The home line-out, that had been faultless before this autumn, began to fail under the adroit assault of Eben Etzebeth and Juandre Kruger. There were many bouts of booting in the air, presumably forced to suit the sodden conditions, and much as England's adopted son of Durban, the Saracens centre Brad Barritt, knitted his side's defence together, the potential for counterattack was limited to kicks from the half-backs and runs from Alex Goode and Mike Brown in the back three. The midfield did little creatively until a couple of belated breaks by Manu Tuilagi, and then one with acres of space died out in a pass from Chris Ashton that halted his wing Mike Brown in his tracks.

That came after the 43rd-minute Bok try that was a tale of three ricochets. Lambie was lucky with a half-blocked kick that pinballed out for a line-out in the England 22. Etzebeth set up a maul from which Kruger dropped the ball, only for Ben Youngs to see his clearance bounce off J P Pietersen towards England's goalline, where Wood could only fumble it straight to the happy scorer, Willem Alberts. The conversion from Lambie had South Africa 16-6 up – and if England were lifted by Farrell's kicks to bring it back to 16-12 and partly excused because they are a team in flux, it should be remembered South Africa were lacking the quality of Pierre Spies, Bryan Habana, "Beast" Mtawarira, Bismarck du Plessis and Frans Steyn.

Seeking crucial field position, Mako Vunipola, David Paice and Ashton all spilt possession: testament to the pouring rain and the punishing South African hits led by the remarkable Etzebeth, who in common with so many of his compatriots (aside from those who have converted to the Red Rose) still have no idea what it is to lose to England.

England: A Goode (Saracens); C Ashton (Saracens), M Tuilagi (Leicester), B Barritt (Saracens), M Brown (Harlequins); T Flood (Leicester), B Youngs (Leicester); A Corbisiero (London Irish), T Youngs (Leicester), D Cole (Leicester), J Launchbury (Wasps), G Parling (Leicester), T Wood (Northampton), B Morgan (Gloucester), C Robshaw (Harlequins, capt). Replacements: O Farrell (Saracens) for Flood, 46; M Vunipola (Saracens) for Corbisiero, 53; J Haskell (Wasps) for Wood, 53; D Care (Harlequins) for B Youngs, 67; D Paice (London Irish) for T Youngs, 67; M Botha (Saracens) for Launchbury, 72; D Wilson (Bath) for Cole, 75.

South Africa: Z Kirchner (Bulls); JP Pietersen (Natal), J de Jongh (Western Province), J de Villiers (Western Province, capt), F Hougaard (Bulls); P Lambie (Natal), R Pienaar (Ulster); G Steenkamp (Toulouse), A Strauss (Cheetahs), J du Plessis (Natal), E Etzebeth (Western Province), J Kruger (Bulls), W Alberts (Natal), D Vermeulen (Western Province), F Louw (Bath). Replacements: P Cilliers (Western Province) for Du Plessis, 40; M Coetzee (Natal) for Alberts, 56; H van der Merwe (Leinster) for Steenkamp, 56; F van der Merwe (Bulls) for Etzebeth, 69; S Brits (Saracens) for Strauss, 74.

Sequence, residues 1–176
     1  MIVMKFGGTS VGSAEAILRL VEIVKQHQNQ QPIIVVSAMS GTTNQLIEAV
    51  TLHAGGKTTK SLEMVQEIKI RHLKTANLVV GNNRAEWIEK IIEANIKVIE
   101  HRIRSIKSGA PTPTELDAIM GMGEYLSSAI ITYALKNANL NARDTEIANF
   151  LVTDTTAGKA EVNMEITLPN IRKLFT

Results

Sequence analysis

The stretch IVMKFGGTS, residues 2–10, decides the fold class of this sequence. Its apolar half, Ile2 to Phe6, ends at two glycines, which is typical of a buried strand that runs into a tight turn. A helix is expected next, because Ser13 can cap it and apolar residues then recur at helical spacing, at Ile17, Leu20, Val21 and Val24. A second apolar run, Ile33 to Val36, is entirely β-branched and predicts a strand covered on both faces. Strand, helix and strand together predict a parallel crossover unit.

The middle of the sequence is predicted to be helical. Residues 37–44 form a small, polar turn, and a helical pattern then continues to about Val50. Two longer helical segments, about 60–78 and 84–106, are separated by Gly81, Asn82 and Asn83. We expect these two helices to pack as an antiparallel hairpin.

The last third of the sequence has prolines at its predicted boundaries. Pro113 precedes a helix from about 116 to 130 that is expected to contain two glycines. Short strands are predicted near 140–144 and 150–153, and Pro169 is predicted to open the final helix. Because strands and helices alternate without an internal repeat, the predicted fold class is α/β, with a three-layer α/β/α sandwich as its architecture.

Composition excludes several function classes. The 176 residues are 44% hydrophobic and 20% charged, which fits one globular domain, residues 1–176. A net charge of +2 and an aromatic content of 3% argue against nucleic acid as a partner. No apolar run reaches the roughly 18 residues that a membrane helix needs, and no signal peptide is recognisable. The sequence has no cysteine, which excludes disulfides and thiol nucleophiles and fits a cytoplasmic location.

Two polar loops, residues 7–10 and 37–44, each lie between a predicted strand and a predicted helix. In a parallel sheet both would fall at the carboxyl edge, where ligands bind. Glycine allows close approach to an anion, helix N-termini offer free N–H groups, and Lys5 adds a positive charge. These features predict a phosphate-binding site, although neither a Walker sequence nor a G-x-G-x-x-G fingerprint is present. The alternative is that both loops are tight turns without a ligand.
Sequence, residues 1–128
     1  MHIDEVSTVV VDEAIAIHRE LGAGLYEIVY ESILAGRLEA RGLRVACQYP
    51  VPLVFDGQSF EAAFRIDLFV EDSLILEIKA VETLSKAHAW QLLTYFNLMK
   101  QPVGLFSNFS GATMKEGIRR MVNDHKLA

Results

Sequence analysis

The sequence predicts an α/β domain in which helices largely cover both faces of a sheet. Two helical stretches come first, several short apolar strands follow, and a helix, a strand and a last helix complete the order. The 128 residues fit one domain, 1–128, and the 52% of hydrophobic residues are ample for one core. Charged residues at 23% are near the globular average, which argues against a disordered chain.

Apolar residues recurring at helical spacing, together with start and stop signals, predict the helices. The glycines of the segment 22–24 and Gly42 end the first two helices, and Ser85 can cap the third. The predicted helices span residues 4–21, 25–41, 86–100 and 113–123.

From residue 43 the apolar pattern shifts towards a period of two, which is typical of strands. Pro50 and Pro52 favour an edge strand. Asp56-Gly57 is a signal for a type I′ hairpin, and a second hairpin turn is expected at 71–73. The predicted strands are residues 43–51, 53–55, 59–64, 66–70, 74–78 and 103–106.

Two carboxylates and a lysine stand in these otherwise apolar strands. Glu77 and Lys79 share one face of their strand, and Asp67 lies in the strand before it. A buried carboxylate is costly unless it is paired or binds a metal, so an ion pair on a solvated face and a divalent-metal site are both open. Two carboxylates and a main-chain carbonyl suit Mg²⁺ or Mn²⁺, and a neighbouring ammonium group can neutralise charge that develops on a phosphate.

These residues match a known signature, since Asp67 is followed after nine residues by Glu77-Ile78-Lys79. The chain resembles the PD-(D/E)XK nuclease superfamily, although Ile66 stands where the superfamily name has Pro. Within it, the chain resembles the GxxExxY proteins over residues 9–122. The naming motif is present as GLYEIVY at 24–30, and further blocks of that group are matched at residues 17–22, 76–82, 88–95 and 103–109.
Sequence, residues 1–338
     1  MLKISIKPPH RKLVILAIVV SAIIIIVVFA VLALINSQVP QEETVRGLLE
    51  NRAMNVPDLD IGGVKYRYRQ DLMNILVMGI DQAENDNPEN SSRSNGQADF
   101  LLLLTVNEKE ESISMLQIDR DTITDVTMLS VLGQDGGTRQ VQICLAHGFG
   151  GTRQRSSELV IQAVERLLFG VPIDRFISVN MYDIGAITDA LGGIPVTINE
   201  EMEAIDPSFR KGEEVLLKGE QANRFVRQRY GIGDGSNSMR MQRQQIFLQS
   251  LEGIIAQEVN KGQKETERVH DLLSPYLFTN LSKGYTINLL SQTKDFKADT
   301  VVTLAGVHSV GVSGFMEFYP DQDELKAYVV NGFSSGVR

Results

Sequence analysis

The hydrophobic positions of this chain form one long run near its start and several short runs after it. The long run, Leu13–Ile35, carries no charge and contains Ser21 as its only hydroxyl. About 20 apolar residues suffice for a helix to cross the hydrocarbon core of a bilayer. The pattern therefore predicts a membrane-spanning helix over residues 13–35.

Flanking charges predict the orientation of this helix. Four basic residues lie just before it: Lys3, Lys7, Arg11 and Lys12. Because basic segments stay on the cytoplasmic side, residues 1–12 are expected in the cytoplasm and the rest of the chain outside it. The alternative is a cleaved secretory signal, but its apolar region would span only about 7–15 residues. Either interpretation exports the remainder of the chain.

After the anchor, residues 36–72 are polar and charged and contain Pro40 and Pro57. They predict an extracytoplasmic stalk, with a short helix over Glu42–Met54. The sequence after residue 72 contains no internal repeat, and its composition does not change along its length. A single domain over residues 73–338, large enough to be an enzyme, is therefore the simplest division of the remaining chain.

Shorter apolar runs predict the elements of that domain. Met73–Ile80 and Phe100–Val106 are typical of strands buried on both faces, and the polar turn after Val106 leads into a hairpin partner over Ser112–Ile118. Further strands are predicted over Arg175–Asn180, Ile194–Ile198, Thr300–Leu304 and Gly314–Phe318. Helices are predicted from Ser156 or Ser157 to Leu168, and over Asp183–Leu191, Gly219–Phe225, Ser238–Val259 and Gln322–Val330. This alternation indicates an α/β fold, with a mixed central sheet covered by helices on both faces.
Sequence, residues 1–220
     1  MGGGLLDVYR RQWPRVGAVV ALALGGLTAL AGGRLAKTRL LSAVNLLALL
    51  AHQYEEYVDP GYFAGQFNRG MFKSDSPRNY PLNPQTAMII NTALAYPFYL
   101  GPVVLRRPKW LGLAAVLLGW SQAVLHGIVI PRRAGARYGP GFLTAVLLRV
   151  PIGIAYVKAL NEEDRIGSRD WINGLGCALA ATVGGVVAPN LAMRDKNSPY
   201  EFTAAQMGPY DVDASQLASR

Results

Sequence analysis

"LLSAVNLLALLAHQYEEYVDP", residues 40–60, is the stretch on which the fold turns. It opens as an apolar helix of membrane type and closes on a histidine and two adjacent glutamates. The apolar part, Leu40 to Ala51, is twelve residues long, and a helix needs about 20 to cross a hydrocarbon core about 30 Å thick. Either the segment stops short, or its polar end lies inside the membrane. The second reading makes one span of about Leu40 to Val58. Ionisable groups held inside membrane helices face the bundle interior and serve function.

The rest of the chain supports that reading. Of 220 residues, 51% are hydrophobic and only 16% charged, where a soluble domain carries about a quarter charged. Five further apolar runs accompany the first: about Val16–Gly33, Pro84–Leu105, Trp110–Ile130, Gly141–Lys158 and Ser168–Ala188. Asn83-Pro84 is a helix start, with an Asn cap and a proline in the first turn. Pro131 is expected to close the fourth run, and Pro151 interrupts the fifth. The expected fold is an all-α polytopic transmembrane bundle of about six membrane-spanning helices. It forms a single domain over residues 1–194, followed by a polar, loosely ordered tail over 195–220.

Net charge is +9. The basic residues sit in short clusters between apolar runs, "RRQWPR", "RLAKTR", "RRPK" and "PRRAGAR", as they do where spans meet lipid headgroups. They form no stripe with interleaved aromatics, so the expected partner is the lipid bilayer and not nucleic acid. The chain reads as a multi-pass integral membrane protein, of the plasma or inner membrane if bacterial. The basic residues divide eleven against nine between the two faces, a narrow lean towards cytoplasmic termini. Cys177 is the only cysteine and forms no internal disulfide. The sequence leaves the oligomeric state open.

Referee: N Owens ( Wales).

How the new men did

Alex Corbisiero Hit

Returned after being eased back from injury by his club London Irish to hoodwink the Boks' tighthead Jannie du Plessis into a couple of debatable scrummaging penalties that went England's way. "Corbs" appears worthy of Stuart Lancaster's belief in him as first choice for the No 1 jersey.

Joe Launchbury Hit

The young Wasp has been the most eye-catching second-row forward in the Premiership last season and this – when he is not doing great things as a blindside flanker – and his positioning and handling were top class.

Tom Wood Hit

Captain in waiting when he injured a foot at the turn of the year, the Northampton flanker seized his chance on returning to the starting line-up. All elbows and knees and chin jutting in over the breakdown, but will regret his split-second part in the Boks' solitary try.

Mike Brown Miss

Ran as hard as he does for Harlequins and out of position on the wing he caught Bok kicks. Putting two full-backs up against South Africa is not unheard of, but when Brown had his big chance, supporting Chris Ashton, the position went unfinished.

Ben Morgan Miss

No certainty yet that England have found the new Lawrence Dallaglio as a fast-breaking, gainline busting No 8. Morgan was given the bum's rush by Lancaster a few weeks ago and told to find his form, but returning against the Boks was tough.

Ben Youngs Miss

The wet conditions might have been made for Danny Care's slippery breaks around the fringes and Youngs looked narked to be substituted. Ruan Pienaar showed him how to place box-kicks, but Youngs has the talent to come again.

Hugh Godwin